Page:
Filthy Lucre

Filthy Lucre

Economics for People Who Hate Capitalism

eBook - 2009
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Economists have a bad reputation. Not only do they assume that everyone is self-interested and amoral, they are almost always cheerleaders for the free market. As a result, most people who do not already share their beliefs ignore everything that economists have to say. This is a problem. Even among the highly educated, economics is a minefield of fallacies and errors. Among those who know little about the subject—a group that includes the average taxpayer and consumer, as well as most journalists, political activists and politicians—almost every widely held belief is false. The level of economic illiteracy is stunning.

Filthy Lucre aims to level the playing field and, in this time of enormous market volatility and unprecedented instability, raise our level of economic literacy. Drawing on everyday examples to skewer the six favourite economic fallacies of the right and then the left, we learn why the right wing so wrongly believes that capitalism is the natural order of things, that any tax cut is a good tax cut, and that personal responsibility can solve any problem. And, contrary to how the left feels, why we must resist the urge to fiddle with prices, why the pursuit of profit is not such a bad thing, and why, despite efforts to improve or even fix wages, some jobs will always suck.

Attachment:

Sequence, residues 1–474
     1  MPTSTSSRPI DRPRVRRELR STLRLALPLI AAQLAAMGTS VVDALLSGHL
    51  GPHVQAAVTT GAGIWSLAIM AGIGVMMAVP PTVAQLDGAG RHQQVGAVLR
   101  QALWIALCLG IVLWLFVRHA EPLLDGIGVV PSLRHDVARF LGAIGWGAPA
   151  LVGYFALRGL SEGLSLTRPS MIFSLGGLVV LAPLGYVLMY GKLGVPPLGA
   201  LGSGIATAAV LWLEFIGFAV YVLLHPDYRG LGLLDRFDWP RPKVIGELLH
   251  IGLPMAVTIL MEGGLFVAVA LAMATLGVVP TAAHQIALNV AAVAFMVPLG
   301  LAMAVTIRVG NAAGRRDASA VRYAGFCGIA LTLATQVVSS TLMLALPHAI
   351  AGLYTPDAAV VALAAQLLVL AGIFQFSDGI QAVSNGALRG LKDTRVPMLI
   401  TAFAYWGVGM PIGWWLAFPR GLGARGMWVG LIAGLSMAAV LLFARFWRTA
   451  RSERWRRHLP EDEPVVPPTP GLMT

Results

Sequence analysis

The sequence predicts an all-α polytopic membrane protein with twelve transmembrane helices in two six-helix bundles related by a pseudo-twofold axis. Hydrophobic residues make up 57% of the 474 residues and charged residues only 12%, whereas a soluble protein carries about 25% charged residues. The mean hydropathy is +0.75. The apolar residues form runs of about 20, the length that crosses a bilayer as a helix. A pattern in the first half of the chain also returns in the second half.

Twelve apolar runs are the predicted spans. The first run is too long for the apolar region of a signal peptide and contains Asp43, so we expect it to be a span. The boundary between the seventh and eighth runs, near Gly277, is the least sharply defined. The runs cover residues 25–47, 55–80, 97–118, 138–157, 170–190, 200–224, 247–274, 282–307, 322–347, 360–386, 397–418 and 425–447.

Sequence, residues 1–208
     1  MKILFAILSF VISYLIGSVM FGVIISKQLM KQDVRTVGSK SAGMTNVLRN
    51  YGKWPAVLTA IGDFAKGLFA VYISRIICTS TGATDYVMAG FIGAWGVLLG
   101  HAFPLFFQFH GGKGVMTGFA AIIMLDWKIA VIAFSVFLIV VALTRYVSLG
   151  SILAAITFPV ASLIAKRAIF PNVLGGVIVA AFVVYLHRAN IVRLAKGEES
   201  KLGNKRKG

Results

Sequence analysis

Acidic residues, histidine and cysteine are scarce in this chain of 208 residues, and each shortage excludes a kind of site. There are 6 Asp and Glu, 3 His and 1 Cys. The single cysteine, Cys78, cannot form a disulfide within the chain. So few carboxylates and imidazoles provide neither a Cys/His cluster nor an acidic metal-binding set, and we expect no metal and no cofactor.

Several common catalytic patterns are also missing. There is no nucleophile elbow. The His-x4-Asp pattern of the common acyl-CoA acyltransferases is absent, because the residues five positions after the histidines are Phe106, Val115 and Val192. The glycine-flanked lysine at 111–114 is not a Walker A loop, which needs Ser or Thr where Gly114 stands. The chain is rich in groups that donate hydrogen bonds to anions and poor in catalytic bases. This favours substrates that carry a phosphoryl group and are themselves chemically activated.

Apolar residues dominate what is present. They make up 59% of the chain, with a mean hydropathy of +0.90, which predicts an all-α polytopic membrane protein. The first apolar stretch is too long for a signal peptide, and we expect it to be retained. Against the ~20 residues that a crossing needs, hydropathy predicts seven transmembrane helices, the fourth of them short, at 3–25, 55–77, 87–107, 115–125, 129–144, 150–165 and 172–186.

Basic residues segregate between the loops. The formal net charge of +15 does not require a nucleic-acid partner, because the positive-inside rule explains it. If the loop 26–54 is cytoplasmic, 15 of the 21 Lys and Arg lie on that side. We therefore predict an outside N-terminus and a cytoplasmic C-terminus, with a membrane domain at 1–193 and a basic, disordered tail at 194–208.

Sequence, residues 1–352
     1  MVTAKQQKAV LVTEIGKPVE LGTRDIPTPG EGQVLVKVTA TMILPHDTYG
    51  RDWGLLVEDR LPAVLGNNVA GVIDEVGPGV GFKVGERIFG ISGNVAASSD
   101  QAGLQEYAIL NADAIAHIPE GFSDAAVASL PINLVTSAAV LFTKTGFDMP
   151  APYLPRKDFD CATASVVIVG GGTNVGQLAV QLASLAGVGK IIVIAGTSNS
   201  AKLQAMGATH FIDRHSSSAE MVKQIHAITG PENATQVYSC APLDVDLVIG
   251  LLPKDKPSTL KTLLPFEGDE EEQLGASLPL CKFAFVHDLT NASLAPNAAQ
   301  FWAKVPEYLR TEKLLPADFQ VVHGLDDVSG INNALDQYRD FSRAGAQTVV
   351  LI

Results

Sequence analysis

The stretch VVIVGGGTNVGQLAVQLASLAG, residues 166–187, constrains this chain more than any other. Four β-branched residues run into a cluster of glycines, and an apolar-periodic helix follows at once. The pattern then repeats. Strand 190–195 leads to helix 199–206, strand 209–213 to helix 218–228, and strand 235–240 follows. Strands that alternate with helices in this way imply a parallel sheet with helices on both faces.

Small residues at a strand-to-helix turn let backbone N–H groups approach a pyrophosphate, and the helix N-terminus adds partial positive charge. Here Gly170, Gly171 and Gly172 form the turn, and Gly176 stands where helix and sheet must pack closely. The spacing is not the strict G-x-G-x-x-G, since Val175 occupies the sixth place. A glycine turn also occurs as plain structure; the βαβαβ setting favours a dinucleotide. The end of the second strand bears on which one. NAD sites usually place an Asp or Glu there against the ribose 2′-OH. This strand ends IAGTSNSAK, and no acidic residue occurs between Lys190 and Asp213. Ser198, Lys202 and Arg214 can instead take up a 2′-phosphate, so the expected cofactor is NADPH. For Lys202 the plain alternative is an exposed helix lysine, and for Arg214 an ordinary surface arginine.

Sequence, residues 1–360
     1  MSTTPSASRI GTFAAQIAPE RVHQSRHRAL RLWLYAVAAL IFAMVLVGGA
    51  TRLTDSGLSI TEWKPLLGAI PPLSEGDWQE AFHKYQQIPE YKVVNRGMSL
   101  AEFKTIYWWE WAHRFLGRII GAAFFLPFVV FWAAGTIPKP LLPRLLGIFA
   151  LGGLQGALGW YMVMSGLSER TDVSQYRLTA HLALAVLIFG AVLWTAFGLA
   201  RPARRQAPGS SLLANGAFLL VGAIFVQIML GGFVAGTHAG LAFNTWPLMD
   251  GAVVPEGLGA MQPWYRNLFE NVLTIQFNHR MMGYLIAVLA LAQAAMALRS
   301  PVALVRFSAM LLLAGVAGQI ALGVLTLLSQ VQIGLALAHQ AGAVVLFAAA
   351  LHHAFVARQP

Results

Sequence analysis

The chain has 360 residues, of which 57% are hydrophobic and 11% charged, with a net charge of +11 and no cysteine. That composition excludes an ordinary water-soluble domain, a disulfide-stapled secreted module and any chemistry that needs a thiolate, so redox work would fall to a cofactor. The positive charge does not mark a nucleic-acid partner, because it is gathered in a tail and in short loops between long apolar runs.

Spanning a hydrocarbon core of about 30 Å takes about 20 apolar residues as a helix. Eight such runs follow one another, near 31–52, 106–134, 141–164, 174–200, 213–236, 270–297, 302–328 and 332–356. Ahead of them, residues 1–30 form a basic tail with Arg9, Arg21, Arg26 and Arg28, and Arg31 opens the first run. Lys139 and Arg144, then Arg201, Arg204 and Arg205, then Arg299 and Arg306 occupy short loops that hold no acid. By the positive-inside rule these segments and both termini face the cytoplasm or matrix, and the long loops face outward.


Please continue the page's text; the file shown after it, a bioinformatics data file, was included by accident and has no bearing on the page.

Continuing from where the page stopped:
Publisher: Toronto : HarperCollins, ©2009
ISBN: 9781554687695
Characteristics: 1 online resource (338 pages)


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May 15, 2010

This is not only a great book to read for someone wanting to learn a little bit about the basics of economic theory, but a trenchant critique of modern-day policymaking and the fallacies riddling our political debate.

Heath devotes the two halves of the book to the most commonly-heard economic arguments on the right and left, and picks them apart to equal devastating effect. Being sympathetic to the left, his basic goal is to deepen the policy-making debate by showing why economists' arguments aren't all they're made out to be, and why the arguments advanced on the left are often completely off-target.

Lucidly-written and funny throughout, Joseph Heath shows why we need people like him to study critical thinking and philosophy in university. Read this book.

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